(To be continued)







24 comments:

Anonymous said...

Why publish a pic of the judge's wife? Do you want to harass her?

Anonymous said...

Clearly they have done violence against you and your wife.

How do you respond?

Anonymous said...

Roger these people hate you. They want to beat you. Roger defend yourself!!!!

legalschnauzer said...

7:19 --

Why not?

a. She was in the picture, and I saw no reason to crop her out.

b. She and Proctor published it on a public Web site, so they apparently don't have a problem with it?

c. She's an adult and should be a big enough girl to have her photo published.

d. How is it harassment to publish a photo of someone? GOP thugs have caused both my wife and me to have our mugshots taken. Is that harassment? Are you concerned about that?

e. Are you saying that's not his wife?

Anonymous said...

Hah! It's hard to win with these clowns isn't it? They don't like it when you publish a photo of a child, they don't like it when you publish a photo of an adult. What's with them?

legalschnauzer said...

Good question, @8:49. What they really don't like is my unmasking of conservatives as corrupt -- whether it's Dave Proctor, Luv Guv Bentley, Luther Strange, Jessica Garrison, Rebekah Mason, Jeff Sessions, Bill Pryor, and the list goes on. They can't attack my reporting in any substantive way, so they whine about pictures. Sad.

Anonymous said...

7:19 is clueless about photography. Proctor is standing behind his wife, so cropping her out would make the photo look ridiculous, like he has some sort of contorted body.

legalschnauzer said...

Good point, @8:55. The photo is uncroppable. Even it wasn't, I wouldn't crop it. Mrs. Proctor married a public official, and they feed at the taxpayer trough, so she shouldn't have a problem with her photo being published. If she does, she should tell hubby to resign from the federal bench. He's a crappy judge, and we'd all be better off with someone of integrity on the bench.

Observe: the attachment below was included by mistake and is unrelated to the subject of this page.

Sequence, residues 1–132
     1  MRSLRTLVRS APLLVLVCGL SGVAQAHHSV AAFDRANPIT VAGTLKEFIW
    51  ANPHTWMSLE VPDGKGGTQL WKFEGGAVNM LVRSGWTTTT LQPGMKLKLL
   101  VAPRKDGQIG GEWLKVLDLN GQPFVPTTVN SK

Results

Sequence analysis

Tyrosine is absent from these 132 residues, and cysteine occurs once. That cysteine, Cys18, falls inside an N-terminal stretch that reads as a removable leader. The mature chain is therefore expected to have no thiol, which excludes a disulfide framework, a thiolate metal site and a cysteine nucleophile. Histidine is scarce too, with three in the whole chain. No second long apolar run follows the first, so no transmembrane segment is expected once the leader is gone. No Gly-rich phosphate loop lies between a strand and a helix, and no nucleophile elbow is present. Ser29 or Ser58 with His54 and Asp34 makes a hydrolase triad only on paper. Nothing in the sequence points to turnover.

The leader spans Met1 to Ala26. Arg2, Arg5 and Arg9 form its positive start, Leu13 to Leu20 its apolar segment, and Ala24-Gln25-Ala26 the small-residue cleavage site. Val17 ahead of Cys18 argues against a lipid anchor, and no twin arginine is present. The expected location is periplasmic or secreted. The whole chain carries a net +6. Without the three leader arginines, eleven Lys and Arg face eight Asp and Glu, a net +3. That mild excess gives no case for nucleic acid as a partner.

Anonymous said...

LS, in fairness you were arrested and that's why your mugshot was taken. You can argue that you shouldnt have been arrested but since you were that's normal procedure

Anonymous said...

Sounds like the loons can't lay a glove on your legal or factual arguments. I guess that's why they have to whine about the pictures.

legalschnauzer said...

@9:10 --

In fairness, I wasn't lawfully arrested, and neither was Carol. In my case, my mughsot not only was taken, but it has been spread all over the Internet.

My question to the original commenter, in essence, was: Do you care only about Mrs. Proctor's feelings or do you care about the feelings who truly have been victims of abusive use of photography? What about you? How do you answer that question. Do you care about legal and police corruption that causes people to be beaten and maced inside their own homes and then have their mugshots spread all over the Web?

Anonymous said...

I read the Randall decision and was surprised to find the 11th Circuit has, indeed, pretty much said that Iqbal and Twombly don't apply in the circuit. Sounds like they essentially have chosen to ignore the U.S. Supreme Court. Is that how you see it?

legalschnauzer said...